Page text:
House Appropriations Committee Vice Chairwoman Erin Davis (R-Olathe) earlier in the meeting said that she believes that Keck’s behavior indicates that there is no plan in place. She said that if Keck was trying to have security measures in place to comply with the law on July 1, he would have asked for funds for the current fiscal year, which expires on June 30 and not for the next two fiscal years.
“You are not asking for anything in 17 which says to me that you are not doing anything in advance,” Davis said.
Last week, Keck presented lawmakers with a plan that would hire armed police officers for entrances to the four mental health facilities that his department operates, along with metal detectors and metal detectors wands for those entries. The request caused anger from House and Senate budget writers, who said that it was too late and too much money.
In a series of questions, Davis pressed Keck for answers on his four-year delay and why he did not ask for the funds last year when he asked lawmakers for extra funding to renovate Osawatomie and Larned State Hospitals. Keck said that he didn’t want to ask for too much and felt that lawmakers would have given him an exemption.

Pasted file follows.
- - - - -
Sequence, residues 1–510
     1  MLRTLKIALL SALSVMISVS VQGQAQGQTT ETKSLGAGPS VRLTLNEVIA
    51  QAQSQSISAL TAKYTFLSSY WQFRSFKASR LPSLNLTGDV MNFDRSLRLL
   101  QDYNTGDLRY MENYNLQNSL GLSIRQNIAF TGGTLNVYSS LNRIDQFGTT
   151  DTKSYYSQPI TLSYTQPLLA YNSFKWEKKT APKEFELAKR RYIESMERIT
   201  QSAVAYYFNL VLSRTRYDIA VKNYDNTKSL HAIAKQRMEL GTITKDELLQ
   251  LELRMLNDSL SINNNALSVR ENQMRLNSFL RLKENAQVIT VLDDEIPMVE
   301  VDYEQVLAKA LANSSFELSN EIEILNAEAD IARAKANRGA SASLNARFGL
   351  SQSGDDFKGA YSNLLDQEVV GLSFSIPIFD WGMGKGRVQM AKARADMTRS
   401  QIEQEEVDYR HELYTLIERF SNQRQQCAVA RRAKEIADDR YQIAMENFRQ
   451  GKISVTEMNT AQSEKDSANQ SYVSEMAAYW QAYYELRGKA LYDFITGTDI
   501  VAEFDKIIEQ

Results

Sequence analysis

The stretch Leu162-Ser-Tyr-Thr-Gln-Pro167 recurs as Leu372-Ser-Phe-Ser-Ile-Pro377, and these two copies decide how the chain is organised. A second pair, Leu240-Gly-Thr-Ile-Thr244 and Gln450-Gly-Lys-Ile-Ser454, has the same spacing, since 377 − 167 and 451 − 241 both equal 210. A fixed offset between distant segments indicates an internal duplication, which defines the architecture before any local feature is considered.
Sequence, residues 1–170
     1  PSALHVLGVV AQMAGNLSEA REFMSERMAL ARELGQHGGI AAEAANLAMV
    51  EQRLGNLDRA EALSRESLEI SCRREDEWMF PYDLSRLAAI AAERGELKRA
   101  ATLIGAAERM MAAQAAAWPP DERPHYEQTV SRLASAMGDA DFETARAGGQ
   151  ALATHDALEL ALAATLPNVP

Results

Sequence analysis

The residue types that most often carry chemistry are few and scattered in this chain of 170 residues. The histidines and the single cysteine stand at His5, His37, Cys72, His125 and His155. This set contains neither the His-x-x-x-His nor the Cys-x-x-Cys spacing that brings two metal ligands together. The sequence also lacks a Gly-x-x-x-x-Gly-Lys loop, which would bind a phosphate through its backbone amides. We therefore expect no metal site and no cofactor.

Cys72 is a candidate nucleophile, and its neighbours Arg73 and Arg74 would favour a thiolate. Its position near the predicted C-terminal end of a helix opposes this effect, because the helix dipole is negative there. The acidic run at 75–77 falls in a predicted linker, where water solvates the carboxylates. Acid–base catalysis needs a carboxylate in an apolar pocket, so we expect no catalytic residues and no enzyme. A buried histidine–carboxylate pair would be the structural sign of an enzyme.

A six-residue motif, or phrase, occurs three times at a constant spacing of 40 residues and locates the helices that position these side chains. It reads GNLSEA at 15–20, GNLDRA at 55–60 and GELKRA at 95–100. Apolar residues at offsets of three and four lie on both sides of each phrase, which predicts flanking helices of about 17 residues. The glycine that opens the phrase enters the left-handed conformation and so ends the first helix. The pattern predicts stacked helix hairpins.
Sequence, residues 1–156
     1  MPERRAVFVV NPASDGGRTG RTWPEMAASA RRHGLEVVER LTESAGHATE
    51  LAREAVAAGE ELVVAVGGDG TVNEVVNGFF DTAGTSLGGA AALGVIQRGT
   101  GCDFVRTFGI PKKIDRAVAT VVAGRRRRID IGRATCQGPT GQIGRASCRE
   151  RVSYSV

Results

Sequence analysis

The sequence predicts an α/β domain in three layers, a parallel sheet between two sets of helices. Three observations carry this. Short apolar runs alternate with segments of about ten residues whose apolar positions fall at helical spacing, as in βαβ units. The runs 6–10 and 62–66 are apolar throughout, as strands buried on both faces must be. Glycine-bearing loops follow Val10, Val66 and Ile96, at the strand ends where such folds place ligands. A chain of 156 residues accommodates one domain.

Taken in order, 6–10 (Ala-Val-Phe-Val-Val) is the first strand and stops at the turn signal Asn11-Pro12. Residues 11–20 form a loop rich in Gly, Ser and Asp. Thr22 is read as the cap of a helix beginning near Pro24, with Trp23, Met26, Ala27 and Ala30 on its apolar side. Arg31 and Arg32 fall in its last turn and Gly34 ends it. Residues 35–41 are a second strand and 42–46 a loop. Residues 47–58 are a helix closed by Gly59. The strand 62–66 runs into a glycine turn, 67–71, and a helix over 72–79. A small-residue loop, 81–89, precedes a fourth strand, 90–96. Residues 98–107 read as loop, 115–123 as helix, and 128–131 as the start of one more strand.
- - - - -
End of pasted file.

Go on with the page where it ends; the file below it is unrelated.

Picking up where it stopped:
“We won’t be ready by July 1,” Keck said. “The reason I never brought it last year is we were asking for more money for the state hospitals and I never thought we’d be in this place.”
Davis’ line of questioning came right before Claeys’ questions.
Keck said that he believes that he can ask the attorney general’s office for the exemption for the hospitals but he did not say if he would get the exemption. If Attorney General Derek Schmidt (R) were to decline his request, guns would be allowed in the state hospitals. Keck did not address how his department would react if Schmidt declined a request. He just said that he could start implementing the security measures.
Keck also admitted that is he not sure if Schmidt has that power.
“I don’t know if they can,” he said.
Davis reminded Keck that the he has not implemented an existing law.
“You will agree that this is the law and it will be in place in 60 days,” she said.
Davis also pressed Keck if he knows of other hospitals looking to have plans in place for July 1, and Keck said he is not aware of any hospitals preparing for July 1.
Rep. Kevin Jones (R-Wellsville) told Keck that he did not understand why he did not have a plan in place after four years.
Keck told lawmakers that he supports gun rights but not guns in state hospitals.
Claeys reminded Keck that his job in the executive branch is to implement laws passed by legislators. He said that debating his beliefs on the law is not what he should be doing.
“The law is the law,” Claeys said. “You can debate the law all you want but your lack of planning is what is sitting before us today.”